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Freeland focuses on becoming lights out in second half; Rockies draft notes on pitching

Patrick Lyons Avatar
July 25, 2022

Kyle Freeland isn’t a licensed electrician, nor has he ever discussed feng shui or interior design during his six seasons with the Colorado Rockies.

But he is smart enough to know when something is not right.

“Didn’t like where that light was in the dugout,” Freeland explained following a dugout outburst on July 14. “Didn’t look good.”

What prompted the display of emotion was three-run fifth inning by the visiting San Diego Padres that chased Freeland from the game and raised his earned run average for the fourth consecutive start.

According to the 29-year-old, “I tried to be too fine. Not sure why. It’s obviously a solid lineup they have over there, but that’s not my game of trying to be fine with pitches.”

In the age of the three true outcomes where teams are willing to accept a ton of strikeouts – or 150 in a season – from their best hitters, Freeland has not been one to benefit from this trend as he maintains one of the lowest strikeout rates in the Majors. 

With 755.2 innings pitched, 20th most in the sport since debuting in the Coors Field home opener in 2017, Freeland has struck out 579 batters. That translates to the batter tucking his chin in disappointment after striking out 17.7% of the time.

Of the 70 pitchers who have made started 100 or more games since his debut season, only six have averaged less than Freeland’s 6.90 strikeouts per nine rate.  

But this is no news to the Thomas Jefferson High School alum.

No one has been better at inducing a ground ball to start a patented 6-4-3 double play than Colorado’s top southpaw whose 94 with Colorado trails only Kyle Gibson (104) of the Philadelphia Phillies in the last five-plus years.

“My game is being in the zone, attacking, getting ahead and getting weak contact,” he clarified.

The Rockies’ entrusted $64.5 million in their hometown hero at the start of the year to insure the rotation would continue to be the backbone of the franchise for years to come. While the return on this expenditure may appear less than expected through the first half of the year, manager Bud Black is more hopeful about the club recouping some return on investment.

Jun 17, 2022; Denver, Colorado, USA; Colorado Rockies starting pitcher Kyle Freeland (21) reacts after a call in the fifth inning against the San Diego Padres at Coors Field. Mandatory Credit: Isaiah J. Downing-USA TODAY Sports

“I don’t think we’ve seen the best of Kyle,” Black said during one of his pre-game media scrums. “I’m looking forward to the second half.”

On Monday, Freeland has an opportunity to course-correct on his season as well as snap Colorado’s four-game losing streak before heading back home for six games against the Chicago White Sox and Los Angeles Dodgers.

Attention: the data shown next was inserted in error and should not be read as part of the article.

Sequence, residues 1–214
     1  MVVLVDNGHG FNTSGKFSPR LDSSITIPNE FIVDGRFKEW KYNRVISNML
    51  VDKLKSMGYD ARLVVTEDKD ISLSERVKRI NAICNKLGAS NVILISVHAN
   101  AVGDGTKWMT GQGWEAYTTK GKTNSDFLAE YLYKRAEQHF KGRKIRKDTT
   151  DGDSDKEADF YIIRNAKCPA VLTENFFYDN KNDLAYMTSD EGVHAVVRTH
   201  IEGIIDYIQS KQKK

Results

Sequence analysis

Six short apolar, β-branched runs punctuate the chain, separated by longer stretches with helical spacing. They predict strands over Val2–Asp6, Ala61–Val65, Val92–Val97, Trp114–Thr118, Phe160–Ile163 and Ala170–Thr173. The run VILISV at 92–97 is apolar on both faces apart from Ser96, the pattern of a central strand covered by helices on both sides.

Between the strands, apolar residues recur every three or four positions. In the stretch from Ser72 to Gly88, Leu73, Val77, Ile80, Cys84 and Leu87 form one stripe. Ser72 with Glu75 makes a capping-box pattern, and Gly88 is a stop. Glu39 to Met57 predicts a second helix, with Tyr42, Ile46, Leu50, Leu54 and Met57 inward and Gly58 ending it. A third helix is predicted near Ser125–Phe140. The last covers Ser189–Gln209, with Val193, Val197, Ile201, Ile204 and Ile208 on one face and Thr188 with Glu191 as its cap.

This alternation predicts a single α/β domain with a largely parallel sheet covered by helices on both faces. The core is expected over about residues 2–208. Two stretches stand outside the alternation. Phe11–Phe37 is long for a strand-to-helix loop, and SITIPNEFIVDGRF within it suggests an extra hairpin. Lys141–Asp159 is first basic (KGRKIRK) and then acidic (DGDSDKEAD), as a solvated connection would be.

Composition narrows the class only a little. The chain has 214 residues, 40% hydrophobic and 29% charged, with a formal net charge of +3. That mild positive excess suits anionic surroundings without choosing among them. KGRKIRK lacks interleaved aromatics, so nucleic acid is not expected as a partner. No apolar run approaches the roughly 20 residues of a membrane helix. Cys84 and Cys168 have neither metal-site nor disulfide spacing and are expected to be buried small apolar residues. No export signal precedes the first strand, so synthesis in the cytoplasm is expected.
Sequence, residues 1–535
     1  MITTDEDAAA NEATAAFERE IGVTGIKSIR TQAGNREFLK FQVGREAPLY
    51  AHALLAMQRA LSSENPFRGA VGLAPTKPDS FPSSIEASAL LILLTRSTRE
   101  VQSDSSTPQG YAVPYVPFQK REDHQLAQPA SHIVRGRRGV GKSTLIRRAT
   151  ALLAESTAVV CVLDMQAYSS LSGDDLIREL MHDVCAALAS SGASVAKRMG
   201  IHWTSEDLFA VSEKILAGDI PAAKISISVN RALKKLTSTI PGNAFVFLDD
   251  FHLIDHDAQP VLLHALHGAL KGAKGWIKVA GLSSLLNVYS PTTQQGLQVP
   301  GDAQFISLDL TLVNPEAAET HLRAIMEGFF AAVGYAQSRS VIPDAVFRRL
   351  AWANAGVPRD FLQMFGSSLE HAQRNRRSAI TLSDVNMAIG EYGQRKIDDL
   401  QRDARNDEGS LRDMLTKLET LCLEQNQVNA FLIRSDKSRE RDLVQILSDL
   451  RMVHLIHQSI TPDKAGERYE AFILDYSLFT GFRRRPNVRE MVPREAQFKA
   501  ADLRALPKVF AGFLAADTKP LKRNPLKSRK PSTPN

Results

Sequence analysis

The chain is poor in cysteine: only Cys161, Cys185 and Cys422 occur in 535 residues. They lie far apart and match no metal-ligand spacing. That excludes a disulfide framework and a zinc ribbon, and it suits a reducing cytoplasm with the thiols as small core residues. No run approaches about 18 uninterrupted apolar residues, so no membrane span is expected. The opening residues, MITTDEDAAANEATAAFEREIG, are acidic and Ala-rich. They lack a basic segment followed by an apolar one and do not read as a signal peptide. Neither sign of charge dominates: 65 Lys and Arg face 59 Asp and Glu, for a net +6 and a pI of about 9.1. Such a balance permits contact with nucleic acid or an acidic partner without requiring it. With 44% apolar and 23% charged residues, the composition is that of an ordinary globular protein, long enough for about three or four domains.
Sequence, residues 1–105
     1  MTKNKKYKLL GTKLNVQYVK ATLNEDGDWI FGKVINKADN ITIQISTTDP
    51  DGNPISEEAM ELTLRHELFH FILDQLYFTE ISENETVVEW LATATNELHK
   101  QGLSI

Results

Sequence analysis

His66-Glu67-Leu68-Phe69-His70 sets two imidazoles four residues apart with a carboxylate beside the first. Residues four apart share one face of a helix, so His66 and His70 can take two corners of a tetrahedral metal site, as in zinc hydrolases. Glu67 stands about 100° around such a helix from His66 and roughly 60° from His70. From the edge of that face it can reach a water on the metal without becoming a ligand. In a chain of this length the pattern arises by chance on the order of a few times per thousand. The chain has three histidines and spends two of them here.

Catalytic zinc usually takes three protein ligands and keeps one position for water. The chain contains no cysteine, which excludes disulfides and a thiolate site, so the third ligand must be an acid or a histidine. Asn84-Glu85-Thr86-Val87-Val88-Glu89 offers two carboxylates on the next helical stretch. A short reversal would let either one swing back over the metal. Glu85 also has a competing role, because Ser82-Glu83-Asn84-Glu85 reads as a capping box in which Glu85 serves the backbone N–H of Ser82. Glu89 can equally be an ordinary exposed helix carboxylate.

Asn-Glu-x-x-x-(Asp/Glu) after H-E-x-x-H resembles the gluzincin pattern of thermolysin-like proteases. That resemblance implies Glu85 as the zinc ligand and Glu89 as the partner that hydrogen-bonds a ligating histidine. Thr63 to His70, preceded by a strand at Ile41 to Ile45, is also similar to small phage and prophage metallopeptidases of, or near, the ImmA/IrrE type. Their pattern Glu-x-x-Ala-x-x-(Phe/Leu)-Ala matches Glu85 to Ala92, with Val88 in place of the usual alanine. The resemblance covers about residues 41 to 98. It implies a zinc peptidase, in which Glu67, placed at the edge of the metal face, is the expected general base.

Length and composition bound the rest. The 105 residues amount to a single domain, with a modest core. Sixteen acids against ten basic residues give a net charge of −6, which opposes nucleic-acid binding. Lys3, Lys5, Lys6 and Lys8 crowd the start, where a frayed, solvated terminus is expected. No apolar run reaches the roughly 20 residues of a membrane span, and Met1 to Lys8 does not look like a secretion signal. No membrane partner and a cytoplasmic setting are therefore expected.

Standing in the way is a Milwaukee Brewers’ offense that has scored in bunches all weekend long. With 25 runs in three games, including two comeback victories on Friday and Sunday, the assignment against the best in the National League Central will not be easy.

Hunter Renfroe has homered in all three contests and is the only player on the Brewers’ roster to have recorded a homer against Freeland. His 1.086 OPS in 18 plate appearances makes him the most dangerous hitter for yet another game in this series.

2022 MLB Draft

One of the more integral members contributing to the crop of 22 amateurs selected by the Rockies over the three days of the MLB Draft last week was the club’s head of international scouting, Rolando Fernandez.

According to scouting director Danny Montgomery, the focus on drafting 16 pitchers had to do with the crop of international position players coming through the organization’s Dominican Summer League team over recent years. 

SS Ezequiel Tovar highlights the list, but a group too numerous to name in the lower levels of the farm system are making noise, all thanks to Fernandez and his team of scouts and coaches.

As such, Colorado was hunting for starting pitching. More specifically, college pitching.

With 2020 having been a lost season for amatuer athletes across the globe due to the COVID-19 pandemic, the volatility in selecting a high school player had never been higher than this year’s draft.

Diamond Details

One of the Rockies’ picks on Day 3 was Skyler Messinger from the University of Texas. Under the tutelage of Longhorns’ assistant coach Troy Tulowitzki, the 19th round selection slashed .364/.414/.560 in 2022 and finished fifth in the Big 12 Conference in batting average and hits (90). The 23-year-old was originally drafted in 2017 by the Chicago Cubs out of Niwot High School.

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